• Use drinking glasses – Baby bottles and sippy cups are largely responsible for infant and toddler tooth decay.  Both permit a small amount of liquid to repeatedly enter the mouth.  Consequently, sugary liquid (milk, soda, juice, formula, breast milk or sweetened water) is constantly swilling around in the infant’s mouth, fostering bacterial growth and expediting tooth decay.  Only offer water in sippy cups, and discontinue their use after the infant’s first birthday.
  • Visit the dentist – Around the age of one, the infant should visit a dentist for a “well baby” appointment.  The dentist will examine tooth and jaw development, and provide strategies for future oral care.
  • Wipe gums – The infant is at risk for early cavities as soon as the first tooth emerges.  For young infants, wipe the gums with a damp cloth after every feeding.  This reduces oral bacteria and minimizes the risk of early cavities.

If you have further questions about perinatal or infant oral care, please contact your dentist.

Testimonials.

Read what people are saying about us.

read more

Testimonials

I have been a patient of Dr. Jeffrey Weiner since 1981. His work is impeccable. He is meticulous and results focused. He is not happy unless you are happy. I have referred many patients over the year to his office. His staff is always accommodating and friendly. I have had to call him and his son Dr. Jason Weiner on weekends and holidays over the years for a dental emergency and they have both responded to me quickly and with concern and advice. I receive compliments every day about my smile and it is because of Weiner Dental.

Mary P., Bensalem, PA

I know from experience that patients at Weiner Dental are very fortunate in knowing that "the apple doesn't fall far from the tree." Dr. Jason Weiner is my primary dentist. He is not only adept in the painless and creative cosmetic work that he has performed on me, his easy manner and confident professionalism allays any anxiety that I may have about any dental problems. Having also been treated by Jason's father, Dr. Jeffrey Weiner, it is evident that a caring attitude and a healing aptitude has been passed on from father to son. That same demeanor seems to be instilled in everyone at Weiner Dental. I sincerely recommend the doctors and staff at Weiner Dental. I believe that they really care.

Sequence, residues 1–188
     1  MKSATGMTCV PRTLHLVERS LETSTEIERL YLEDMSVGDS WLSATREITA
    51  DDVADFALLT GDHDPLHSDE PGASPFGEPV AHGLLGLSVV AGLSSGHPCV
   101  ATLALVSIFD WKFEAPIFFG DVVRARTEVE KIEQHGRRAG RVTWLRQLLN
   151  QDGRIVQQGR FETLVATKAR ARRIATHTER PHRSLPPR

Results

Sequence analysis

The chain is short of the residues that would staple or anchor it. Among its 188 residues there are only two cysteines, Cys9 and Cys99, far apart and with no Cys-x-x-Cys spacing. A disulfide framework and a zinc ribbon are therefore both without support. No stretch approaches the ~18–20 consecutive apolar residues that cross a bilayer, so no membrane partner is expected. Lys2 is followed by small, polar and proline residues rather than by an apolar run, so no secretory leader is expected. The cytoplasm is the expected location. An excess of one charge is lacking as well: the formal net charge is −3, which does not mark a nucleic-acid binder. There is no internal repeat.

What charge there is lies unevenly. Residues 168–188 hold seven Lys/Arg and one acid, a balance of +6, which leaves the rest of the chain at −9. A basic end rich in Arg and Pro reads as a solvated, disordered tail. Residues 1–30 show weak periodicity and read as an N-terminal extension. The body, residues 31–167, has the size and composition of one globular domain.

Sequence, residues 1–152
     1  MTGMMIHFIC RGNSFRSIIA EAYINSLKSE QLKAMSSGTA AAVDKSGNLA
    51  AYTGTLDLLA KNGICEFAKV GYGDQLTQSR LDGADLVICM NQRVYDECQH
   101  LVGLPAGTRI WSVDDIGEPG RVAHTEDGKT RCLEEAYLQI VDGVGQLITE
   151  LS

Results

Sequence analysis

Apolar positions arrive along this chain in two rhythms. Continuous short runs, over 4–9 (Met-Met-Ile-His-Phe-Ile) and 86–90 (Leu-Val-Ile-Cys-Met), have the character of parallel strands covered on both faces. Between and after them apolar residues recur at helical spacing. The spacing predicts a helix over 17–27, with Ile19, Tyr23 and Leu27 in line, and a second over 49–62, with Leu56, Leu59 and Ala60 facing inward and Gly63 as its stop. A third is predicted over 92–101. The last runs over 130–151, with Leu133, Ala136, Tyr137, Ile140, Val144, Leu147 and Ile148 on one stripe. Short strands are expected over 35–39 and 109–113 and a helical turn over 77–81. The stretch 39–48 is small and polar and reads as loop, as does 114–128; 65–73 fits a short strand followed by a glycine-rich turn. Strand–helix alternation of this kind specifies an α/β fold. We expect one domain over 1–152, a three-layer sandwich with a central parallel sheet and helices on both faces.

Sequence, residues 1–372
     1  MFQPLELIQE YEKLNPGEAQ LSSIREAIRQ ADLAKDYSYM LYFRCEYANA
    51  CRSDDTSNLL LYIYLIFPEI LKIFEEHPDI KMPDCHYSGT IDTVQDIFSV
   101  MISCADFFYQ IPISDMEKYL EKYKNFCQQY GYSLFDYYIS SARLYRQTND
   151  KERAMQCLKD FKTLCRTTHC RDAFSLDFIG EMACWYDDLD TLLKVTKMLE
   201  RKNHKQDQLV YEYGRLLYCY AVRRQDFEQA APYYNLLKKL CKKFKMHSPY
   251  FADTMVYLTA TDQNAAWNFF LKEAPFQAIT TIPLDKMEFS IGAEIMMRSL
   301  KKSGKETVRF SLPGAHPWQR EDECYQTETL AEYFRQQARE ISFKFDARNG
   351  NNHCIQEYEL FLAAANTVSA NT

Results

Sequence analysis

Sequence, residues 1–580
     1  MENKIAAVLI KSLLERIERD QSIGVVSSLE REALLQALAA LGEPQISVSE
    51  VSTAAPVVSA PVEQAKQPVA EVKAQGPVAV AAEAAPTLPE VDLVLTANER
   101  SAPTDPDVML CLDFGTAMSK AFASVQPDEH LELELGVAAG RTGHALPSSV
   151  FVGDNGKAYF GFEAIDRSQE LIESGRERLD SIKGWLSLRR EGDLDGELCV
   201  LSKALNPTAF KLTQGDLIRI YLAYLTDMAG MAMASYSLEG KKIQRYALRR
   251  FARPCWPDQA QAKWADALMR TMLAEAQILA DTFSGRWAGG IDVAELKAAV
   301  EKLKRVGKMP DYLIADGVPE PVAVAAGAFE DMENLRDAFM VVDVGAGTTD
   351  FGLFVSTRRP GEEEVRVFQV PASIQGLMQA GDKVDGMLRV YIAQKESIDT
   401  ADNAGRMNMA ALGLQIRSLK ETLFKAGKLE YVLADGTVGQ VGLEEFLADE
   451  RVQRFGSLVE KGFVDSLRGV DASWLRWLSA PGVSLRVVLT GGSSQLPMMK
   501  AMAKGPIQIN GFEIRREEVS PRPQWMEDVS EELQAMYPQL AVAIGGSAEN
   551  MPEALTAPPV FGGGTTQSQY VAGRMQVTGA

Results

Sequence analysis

Edward M., Huntingdon Valley, PA

I have been going to Doctor Weiner for 30 years along with my wife and children. He has always given us the best of care. I do not know t oo many doctors who care so much that they call you at home to check on you. He cares about all people. When Dr. Weiner heard we were going to visit our daughter (who is a missionary in Jaraboca, in the Dominican Republic), he sent dental supplies for the folks down there. Most of them do not have the money for toothbrushes and toothpaste. If you could have seen the look of joy on their faces...it's hard to describe. And his son Jason is following in his father's footsteps. I not only feel like I have a great dentist but a good friend! Thanks Docs.

Robert B., Philadelphia, PA

View More

Contact Us.We encourage you to contact us with any questions or comments you may have. Please call our office or use the quick contact form.